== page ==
- High-fat content: unless you strictly need to fatten up your underweight gecko, you may better not feed them to your healthy or chunky gecko to refrain from further obesity.
- High-phosphorus content: to balance the lack of calcium, these larvae may need liberal dusting of calcium powder when feeding them to your gecko.
- Seasonal supply: aside from being an export product, these larvae may not be available year-round which can be bothersome.
- Short lifespan: you may encounter trouble stocking them up for more prolonged use because they tend to live relatively short in captivity.
- Skin-burn hazard: they can possibly secrete an acid-like substance. So, you need to handle them properly to avoid burning your gecko’s skin.
Larval Form: Black Soldier Fly Larvae
Adult Form: Black Soldier Fly (Hermetia illucens)
Other Names: Phoenix worms
Initially known as Black Soldier Fly Larvae (BSFL), phoenix worms are a relatively new entry as food treats you can feed your gecko two to three times a week. These larvae have only been commercially sold in the past five years. With varying sizes, they have become great reptile treats for all ages.
In case you need another worm to vary your gecko’s diet, BSFL can help you with their strong points, such as:
- Exceptionally high calcium content: although the values may vary, you can expect them to contain significantly higher calcium than phosphorus, which can reverse metabolic bone disease.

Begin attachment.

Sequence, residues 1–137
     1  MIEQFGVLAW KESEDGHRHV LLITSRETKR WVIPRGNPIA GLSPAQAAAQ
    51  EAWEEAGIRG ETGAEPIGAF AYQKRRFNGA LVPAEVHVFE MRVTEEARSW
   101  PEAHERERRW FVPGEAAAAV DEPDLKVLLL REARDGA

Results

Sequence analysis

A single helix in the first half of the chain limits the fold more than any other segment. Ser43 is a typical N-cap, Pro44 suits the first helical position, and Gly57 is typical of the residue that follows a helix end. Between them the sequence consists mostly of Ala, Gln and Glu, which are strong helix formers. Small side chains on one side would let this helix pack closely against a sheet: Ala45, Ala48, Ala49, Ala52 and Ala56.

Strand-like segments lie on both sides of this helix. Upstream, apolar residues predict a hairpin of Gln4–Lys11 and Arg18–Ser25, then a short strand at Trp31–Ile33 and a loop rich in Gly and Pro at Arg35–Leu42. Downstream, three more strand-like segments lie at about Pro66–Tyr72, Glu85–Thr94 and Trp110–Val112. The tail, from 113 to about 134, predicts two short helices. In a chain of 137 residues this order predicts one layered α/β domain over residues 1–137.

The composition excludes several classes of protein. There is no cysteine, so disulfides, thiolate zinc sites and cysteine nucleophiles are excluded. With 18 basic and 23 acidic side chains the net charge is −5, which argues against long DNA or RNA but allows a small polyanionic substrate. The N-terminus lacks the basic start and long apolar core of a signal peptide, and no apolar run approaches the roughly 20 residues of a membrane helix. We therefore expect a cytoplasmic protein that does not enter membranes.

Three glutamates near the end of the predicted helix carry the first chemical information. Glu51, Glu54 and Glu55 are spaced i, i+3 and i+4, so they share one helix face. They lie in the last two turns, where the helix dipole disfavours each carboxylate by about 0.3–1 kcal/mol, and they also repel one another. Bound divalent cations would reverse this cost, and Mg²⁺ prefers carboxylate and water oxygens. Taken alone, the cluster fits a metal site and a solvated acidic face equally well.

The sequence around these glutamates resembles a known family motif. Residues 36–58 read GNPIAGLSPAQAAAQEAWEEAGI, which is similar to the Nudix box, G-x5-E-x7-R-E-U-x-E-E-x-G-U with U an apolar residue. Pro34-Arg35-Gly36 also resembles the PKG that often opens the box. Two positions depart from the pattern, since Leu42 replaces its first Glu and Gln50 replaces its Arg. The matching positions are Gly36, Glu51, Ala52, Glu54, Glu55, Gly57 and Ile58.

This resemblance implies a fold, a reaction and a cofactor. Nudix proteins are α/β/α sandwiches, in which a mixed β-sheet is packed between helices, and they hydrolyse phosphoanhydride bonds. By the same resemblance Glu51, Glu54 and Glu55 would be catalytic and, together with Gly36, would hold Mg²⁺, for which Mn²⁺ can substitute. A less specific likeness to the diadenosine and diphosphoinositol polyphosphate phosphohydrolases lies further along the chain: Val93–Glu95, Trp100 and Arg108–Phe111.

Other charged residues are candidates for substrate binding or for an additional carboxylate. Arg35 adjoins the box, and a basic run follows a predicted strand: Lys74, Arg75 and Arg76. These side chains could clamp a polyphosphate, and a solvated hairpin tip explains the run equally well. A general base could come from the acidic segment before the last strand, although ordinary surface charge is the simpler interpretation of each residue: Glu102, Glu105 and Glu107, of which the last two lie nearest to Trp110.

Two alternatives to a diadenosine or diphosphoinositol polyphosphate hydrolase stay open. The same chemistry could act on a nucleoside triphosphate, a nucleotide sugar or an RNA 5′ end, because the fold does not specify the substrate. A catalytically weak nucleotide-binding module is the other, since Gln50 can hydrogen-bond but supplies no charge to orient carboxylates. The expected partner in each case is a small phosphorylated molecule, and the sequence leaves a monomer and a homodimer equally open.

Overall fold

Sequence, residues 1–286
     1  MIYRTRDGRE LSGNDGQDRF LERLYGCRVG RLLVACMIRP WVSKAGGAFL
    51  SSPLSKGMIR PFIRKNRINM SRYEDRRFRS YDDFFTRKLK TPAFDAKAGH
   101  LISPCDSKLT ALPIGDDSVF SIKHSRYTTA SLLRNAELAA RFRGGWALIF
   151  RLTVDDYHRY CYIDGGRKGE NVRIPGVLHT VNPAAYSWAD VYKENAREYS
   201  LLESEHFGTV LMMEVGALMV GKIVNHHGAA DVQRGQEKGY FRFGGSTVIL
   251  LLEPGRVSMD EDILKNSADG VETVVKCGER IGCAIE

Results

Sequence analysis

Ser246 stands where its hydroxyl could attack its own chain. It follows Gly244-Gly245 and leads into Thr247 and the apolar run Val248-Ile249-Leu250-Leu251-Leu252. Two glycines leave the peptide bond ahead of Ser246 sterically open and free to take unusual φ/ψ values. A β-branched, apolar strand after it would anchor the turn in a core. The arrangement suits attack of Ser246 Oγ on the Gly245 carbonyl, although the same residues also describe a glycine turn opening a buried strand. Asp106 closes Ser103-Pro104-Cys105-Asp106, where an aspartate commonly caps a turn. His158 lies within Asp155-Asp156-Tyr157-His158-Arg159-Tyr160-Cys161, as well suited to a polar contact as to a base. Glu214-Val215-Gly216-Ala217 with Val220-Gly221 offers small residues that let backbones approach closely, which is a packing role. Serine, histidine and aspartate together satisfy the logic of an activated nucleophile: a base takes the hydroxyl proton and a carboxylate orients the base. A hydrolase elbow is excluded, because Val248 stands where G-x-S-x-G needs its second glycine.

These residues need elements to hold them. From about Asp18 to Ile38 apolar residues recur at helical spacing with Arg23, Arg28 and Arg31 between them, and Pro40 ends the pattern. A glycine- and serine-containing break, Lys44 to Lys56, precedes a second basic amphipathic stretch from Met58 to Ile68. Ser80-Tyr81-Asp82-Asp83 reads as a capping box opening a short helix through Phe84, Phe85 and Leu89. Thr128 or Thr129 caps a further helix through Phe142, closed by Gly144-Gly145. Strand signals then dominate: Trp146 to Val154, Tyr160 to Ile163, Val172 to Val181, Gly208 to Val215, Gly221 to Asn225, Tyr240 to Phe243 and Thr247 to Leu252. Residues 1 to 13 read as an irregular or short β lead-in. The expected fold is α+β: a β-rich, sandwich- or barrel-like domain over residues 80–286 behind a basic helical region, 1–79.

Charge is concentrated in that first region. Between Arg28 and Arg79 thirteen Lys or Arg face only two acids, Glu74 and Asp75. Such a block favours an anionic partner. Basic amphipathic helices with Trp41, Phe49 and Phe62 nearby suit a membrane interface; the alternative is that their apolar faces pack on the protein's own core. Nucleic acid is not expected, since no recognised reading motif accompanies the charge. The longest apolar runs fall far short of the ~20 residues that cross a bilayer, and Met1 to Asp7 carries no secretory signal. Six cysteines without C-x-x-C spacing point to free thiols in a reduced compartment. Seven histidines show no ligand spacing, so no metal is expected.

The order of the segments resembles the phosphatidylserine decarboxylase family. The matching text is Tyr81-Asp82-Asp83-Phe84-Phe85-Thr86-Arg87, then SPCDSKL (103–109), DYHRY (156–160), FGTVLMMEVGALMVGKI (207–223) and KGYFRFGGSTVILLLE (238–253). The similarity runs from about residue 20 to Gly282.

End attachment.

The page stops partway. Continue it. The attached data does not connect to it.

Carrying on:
- Low-fat level: with a high calcium content, their low-fat content makes them a fully loaded insect treat that you can give even to your chunky gecko.
- No noise and smell: smelly and/or noisy critters often put us off, and luckily, they are neither of the two. So, you do not have to worry about those with these larvae.
- No need to gut-load. even without gut-loading, you can expect them to be full of nutrition. Actually, you are not recommended to feed them to avoid contaminating their container.
- Varying sizes: their length can be from an eighth of an inch to three-fourths of an inch long, which means that your gecko (whatever age it would be) can enjoy them as a treat.
- Very energetic: these larvae move around a lot so that they may look very active. So, they can easily catch your gecko’s attention in no time.
Their benefits can look enticing, but you have to remember that they also have some drawbacks like:
- Care and handling: you may initially get pressed with the different way you must handle them compared to other insect treats. So, you may need some time to get used to it.
- Containing and storage: their lifecycle can work for or against you. They are typically at the larval stage for about four to five weeks in a cool (not cold as a refrigerator) container. So, only buy what your gecko can eat in a short time.
- May get expensive: since you are advised to buy in small numbers if you only have one gecko, they can get costly in the long run when regularly purchased in small quantities (due to the delivery cost).
Seven factors must be considered when choosing an insect treat for leopard geckos: 1) availability, 2) characteristics, 3) gut-loading, 4) maintenance, 5) nutrition profile, 6) price and cost, and 7) state of the insect.
After careful consideration of the seven common factors, hornworms, waxworms, and superworms stand out to be excellent treats.